Trails and Exhibits
Scotland's UNESCO Trail
The first country in the world to bring together 13 UNESCO sites into one trail. Are you ready to discover the wonders within?
Explore the Shetland part of the trail at:
Journey into Shetland's Volcano
This self-guide trail explores the volcanic landscape of Eshaness. The Eshaness peninsula is formed from the remains of a large volcano that was active between 400 and 350 million years ago. Now one of the highest-energy coastlines in the world, the sea has exploited cracks in the volcanic bedrock to carve out the dramatic array of stacks, geos and blowholes you can see today. The trails include a number of walks and site visits. They are supported by on-site interpretation at several locations.
The trail pack is available from the Shetland Museum and Archives in Lerwick or can be downloaded below:
Explore the Shetland ophiolite - the floor of an ancient ocean
This self-guided trail takes you on a journey to the bottom of an ancient ocean. The Shetland ophiolite is a stranded section of ocean crust that was thrust up onto an ancient contient during a massive collision some 420 million years ago. The islands of Unst and Fetlar are formed partly from this ancient contient, and partly from oceanic crust. The trails include a number of walks and site visits. They are supported by an exhibition and geology wall at the Unst Heritage centre as well as on-site interpretation at several locations.
The trail pack is available from the Shetland Museum and Archives in Lerwick or can be downloaded below.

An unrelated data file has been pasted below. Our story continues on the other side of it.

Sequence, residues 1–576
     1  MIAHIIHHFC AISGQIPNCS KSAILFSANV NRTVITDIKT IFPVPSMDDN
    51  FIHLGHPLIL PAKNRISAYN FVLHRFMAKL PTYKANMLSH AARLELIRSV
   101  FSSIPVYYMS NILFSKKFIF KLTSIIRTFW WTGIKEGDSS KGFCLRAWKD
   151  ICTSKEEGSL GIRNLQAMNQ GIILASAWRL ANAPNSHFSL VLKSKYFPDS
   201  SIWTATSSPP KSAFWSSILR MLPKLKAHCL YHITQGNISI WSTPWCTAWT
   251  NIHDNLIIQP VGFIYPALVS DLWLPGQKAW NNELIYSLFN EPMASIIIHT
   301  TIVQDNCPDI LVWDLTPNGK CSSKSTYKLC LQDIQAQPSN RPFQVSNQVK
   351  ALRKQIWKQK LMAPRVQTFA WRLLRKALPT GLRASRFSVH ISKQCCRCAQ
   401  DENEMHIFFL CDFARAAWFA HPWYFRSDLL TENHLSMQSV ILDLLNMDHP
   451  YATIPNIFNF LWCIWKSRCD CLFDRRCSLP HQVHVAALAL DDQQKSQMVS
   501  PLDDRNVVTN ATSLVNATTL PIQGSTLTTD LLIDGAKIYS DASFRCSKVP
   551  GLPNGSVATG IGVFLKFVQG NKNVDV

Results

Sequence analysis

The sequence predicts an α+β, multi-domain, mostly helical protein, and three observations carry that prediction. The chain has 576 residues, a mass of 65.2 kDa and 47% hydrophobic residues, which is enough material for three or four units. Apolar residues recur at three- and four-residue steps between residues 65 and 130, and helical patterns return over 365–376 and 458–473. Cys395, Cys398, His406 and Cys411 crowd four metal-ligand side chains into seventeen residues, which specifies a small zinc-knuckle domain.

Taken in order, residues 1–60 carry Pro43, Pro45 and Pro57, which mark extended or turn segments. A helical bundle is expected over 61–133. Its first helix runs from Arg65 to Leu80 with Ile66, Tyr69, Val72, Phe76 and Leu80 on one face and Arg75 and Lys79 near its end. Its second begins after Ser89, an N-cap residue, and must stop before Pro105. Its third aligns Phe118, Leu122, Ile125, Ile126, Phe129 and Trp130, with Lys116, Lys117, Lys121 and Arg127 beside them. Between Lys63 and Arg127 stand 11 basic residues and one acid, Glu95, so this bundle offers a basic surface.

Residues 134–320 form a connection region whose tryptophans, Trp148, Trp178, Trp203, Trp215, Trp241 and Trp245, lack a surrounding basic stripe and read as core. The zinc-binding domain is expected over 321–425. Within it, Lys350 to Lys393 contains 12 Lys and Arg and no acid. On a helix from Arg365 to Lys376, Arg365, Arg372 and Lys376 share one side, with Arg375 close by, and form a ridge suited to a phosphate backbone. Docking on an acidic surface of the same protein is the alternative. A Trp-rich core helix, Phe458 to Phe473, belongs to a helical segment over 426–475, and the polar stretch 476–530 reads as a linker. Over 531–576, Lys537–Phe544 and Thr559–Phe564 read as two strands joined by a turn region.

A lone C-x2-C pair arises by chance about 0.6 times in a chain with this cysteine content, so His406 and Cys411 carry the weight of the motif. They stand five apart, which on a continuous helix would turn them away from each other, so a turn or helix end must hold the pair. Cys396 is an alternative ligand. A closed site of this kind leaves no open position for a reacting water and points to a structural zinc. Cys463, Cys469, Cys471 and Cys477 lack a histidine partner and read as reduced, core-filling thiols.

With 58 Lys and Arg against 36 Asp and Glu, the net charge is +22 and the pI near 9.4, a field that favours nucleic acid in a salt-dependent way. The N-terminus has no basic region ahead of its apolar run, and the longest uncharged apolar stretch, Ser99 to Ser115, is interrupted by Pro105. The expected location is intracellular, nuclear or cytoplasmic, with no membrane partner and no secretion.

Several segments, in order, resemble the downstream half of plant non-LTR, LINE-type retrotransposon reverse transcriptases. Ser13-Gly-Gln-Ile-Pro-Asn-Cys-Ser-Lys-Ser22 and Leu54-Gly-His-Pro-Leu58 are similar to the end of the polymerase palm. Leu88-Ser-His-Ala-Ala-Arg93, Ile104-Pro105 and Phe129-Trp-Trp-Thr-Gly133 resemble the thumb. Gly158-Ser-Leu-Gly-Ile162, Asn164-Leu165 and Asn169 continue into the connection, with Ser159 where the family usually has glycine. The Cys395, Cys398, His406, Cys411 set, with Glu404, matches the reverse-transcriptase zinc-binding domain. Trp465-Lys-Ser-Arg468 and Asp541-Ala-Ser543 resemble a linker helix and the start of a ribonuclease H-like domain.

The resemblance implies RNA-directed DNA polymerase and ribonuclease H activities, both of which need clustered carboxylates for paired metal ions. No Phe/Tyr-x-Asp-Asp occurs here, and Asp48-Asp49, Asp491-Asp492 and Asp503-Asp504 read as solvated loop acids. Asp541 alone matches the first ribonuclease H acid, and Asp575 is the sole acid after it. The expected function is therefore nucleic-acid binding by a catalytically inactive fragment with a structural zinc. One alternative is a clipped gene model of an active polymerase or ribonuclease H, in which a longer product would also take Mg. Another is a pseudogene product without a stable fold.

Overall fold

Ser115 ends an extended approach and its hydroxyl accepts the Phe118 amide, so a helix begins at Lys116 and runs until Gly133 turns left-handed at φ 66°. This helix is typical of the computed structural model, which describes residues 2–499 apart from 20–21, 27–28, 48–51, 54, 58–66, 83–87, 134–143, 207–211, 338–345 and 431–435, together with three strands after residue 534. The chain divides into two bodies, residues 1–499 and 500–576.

Discover Shetland's Old Red Sandstone
This self-guided trail takes you back 370 million years to the Devonian Period. The Old Red Sandstone lowlands would have been a barren place of shifting sands and seasonal floods. Plants had hardly begun to colonise the land and the ground would have been bare, apart from fringes of strange green vegetation along riversides and lake margins. The land may have been empty, but the lakes teemed with life, including strange fish that were ancestors of the amphibians and reptiles, and so ultimately of humans too.
The trails include a number of walks and site visits. They are supported by on-site interpretation at several locations.
Shetland's geological jigsaw
Visitors to Braewick Cafe in Eshaness will find a 'table and chairs' with a difference. The exhibit illustrates the way that Shetland's rocks came together over nearly 3000 million years, rather like a massive geological jigsaw. Each of the 'chairs' is built from rock representing a key part of Shetland's geological formation. They surround an interpretive 'table' with a colour coded map. The map, which highlights Shetland's geological diversity, can be used to tell age of each rock and where in Shetland it can be found.
How the Inuksuit came to Yell
Exhibits at the Old Haa in Burravoe celebrate the beauty and diversity of the Rocks of Yell. A series of stone figures built in the style of Inuit 'inuksuit' can be found in the Old Haa Garden. The Inuit use inuksuit as waymarkers and aids to navigation. Each figure is built from a different type of rock.
The Inuit theme was chosen because most of Yell's rocks were formed about 900 million years ago when Yell was part of what is now North America. The island also boasts some of Shetlands oldest rocks which are about 2900 million years old. An exhibition within the museum entitled 'Yell - it's Moine and it's Gneiss' illustrates Yell's geological story. Audio commentaries about the rock types represented were written and recorded by the pupils of Burravoe school. Further museum displays highlight Yell's cultural links with North America through whaling and the Hudson’s Bay Company.
A project booklet about Yell's geology, developed with the help of the Burravoe school pupils, is available to purchase at the Old Haa. The booklet was funded by Museums and Galleries Scotland.